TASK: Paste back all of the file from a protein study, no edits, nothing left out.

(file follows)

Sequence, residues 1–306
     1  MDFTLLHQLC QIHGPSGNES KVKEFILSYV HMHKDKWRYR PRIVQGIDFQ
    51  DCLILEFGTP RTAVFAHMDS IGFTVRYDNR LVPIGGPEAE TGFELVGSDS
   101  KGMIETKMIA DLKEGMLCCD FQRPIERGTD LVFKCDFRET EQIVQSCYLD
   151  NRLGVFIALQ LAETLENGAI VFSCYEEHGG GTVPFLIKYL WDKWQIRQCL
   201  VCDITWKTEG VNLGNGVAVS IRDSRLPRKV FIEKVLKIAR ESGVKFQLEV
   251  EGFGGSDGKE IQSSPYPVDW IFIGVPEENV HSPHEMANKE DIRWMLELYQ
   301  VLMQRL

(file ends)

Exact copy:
Sequence, residues 1–306
     1  MDFTLLHQLC QIHGPSGNES KVKEFILSYV HMHKDKWRYR PRIVQGIDFQ
    51  DCLILEFGTP RTAVFAHMDS IGFTVRYDNR LVPIGGPEAE TGFELVGSDS
   101  KGMIETKMIA DLKEGMLCCD FQRPIERGTD LVFKCDFRET EQIVQSCYLD
   151  NRLGVFIALQ LAETLENGAI VFSCYEEHGG GTVPFLIKYL WDKWQIRQCL
   201  VCDITWKTEG VNLGNGVAVS IRDSRLPRKV FIEKVLKIAR ESGVKFQLEV
   251  EGFGGSDGKE IQSSPYPVDW IFIGVPEENV HSPHEMANKE DIRWMLELYQ
   301  VLMQRL